So how does this manifest itself? A roughly seven-course meal, priced at $195, will begin with an assortment of antipasti, served family-style. It will be followed by a progression of hyper-seasonal produce, pasta, and then meat- or fish-centric entrees, and dessert. Some will be individually plated, some served for sharing. If that sounds familiar, it’s similar to the format at Saga, Katz’s last big opening downtown. There will be a slightly more expensive menu that comes with additional pasta and entree courses and, down the road, a separate menu for the bar, which itself was one of Del Posto’s highlights.
Al Coro’s menu will evolve with the seasons in a way that, as Katz sees it, few other Italian restaurants do these days. Another dish on the opening menu, for example, will be green and white asparagus at their sweet peak, poached gently with bay leaf and finished with an herby gremolata balanced out with some pickled alliums, and just enough lardo to give the dish some weight. But as summer progresses, the dish may evolve into something else that favors cured fish, or a course crafted around juicy heirloom tomatoes. This is not your standard seasonal vegetable swap.
Back in the dining room, a newly constructed balcony sits vacant over the bar. Eventually, it will come to life as a stage for musical performances. Katz’s vision for the performances — complete with headlining acts and monthslong residencies — isn’t just as background music, but an integral part of the experience. “The idea is that music and food and service can coexist,” he says. In his mind, diners today want to be entertained in a more holistic way.
With a capacity of about 130 guests, Al Coro will be one of the biggest dinner orchestrations in the city. To elegantly serve a room this size, to make each guest feel welcomed and comfortable, can take years of trial and error. But Katz and Rodriguez are already investing heavily in getting their opening team up to speed. “We’re going to do service drills, we’re going to practice all those technical aspects of the job, but we have to do it with some pizzazz,” says Grant Gardner, Al Coro’s general manager and a fine dining front-of-house veteran. (Gardner has worked at Intersect by Lexus and for USHG and is also, fortuitously, a professionally trained musician). “Hiring for personality is part of it,” he adds.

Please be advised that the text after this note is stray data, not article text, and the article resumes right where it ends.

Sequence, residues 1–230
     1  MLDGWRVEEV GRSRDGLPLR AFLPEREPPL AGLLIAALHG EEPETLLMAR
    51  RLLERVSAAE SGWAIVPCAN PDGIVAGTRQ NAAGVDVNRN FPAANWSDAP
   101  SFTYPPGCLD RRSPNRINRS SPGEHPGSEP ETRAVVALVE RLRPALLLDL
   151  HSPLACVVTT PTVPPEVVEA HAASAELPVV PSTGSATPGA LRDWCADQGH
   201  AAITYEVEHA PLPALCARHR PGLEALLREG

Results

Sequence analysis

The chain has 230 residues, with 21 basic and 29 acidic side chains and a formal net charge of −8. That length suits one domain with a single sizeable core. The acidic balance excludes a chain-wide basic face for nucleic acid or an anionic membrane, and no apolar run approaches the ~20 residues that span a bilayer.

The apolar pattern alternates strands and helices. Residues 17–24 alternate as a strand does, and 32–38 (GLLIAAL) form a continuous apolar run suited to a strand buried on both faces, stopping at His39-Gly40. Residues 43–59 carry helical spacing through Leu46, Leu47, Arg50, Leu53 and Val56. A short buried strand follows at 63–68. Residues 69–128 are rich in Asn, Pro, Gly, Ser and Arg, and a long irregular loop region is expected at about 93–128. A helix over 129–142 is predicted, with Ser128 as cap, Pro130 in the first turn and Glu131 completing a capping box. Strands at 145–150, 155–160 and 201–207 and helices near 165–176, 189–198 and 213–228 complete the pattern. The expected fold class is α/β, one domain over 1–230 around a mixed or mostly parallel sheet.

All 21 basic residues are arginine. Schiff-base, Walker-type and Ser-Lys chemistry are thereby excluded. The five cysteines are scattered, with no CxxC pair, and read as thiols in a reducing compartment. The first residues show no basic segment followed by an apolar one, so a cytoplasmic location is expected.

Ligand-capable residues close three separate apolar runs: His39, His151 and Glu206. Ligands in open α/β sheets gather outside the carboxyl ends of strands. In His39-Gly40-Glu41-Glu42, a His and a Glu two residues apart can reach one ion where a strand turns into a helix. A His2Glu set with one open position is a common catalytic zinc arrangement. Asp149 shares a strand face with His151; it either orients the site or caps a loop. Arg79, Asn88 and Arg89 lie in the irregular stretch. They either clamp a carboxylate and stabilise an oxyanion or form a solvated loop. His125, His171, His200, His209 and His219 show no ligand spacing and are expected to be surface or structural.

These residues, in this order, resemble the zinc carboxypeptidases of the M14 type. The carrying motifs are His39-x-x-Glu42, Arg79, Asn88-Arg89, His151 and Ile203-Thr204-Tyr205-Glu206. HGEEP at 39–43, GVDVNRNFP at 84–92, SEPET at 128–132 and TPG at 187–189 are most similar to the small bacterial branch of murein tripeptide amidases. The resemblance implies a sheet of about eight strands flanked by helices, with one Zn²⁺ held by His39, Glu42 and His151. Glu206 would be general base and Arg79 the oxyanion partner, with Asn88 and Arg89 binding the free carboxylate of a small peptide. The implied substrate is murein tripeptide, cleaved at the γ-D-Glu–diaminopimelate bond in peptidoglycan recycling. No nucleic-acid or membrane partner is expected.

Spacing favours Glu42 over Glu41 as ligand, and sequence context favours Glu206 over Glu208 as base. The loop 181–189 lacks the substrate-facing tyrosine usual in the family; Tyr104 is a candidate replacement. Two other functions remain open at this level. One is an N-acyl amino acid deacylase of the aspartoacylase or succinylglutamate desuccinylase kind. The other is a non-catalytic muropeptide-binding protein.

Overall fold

Other, fundamental choices are equally worthwhile: increasing wages, providing opportunities for skill-building and growth, and managing schedules to avoid burnout — notions that, pre-pandemic, largely didn’t exist. This was important to Katz and Rodriguez, who each emphasized the importance of starting slow. The restaurant will open for four nights a week, ramping up as the team finds its footing. Discolo, the labyrinth-like lounge downstairs, will open later this year.
In the days leading up to the first service, there will be more drills, more dress rehearsals, and hours upon hours of kitchen prep. The team has ballooned to roughly 50 people, and is expected to grow even more. “It’s a tall order to fill and that’s okay,” says Rodriguez. “I like being challenged.”
On a recent night at Mel’s, the next-door pizza and wine bar Katz and Rodriguez opened earlier this year, Rodriguez was hanging back in the open kitchen as her team deftly pushed out impeccably charred pizzas and heaping plates of smoky lettuces. It was apparent: She is ready to begin her work next door at Al Coro. Ready, as it were, for the second act to begin.
Mahira Rivers is a restaurant critic and writer based in New York, and Resy’s New York columnist. In addition to spending five years as an anonymous inspector for The Michelin Guides, her writing has been published in The New York Times, New York Magazine, Food & Wine, GQ and elsewhere, and recognized by the James Beard Foundation. Follow her on Twitter and Instagram. Follow Resy, too.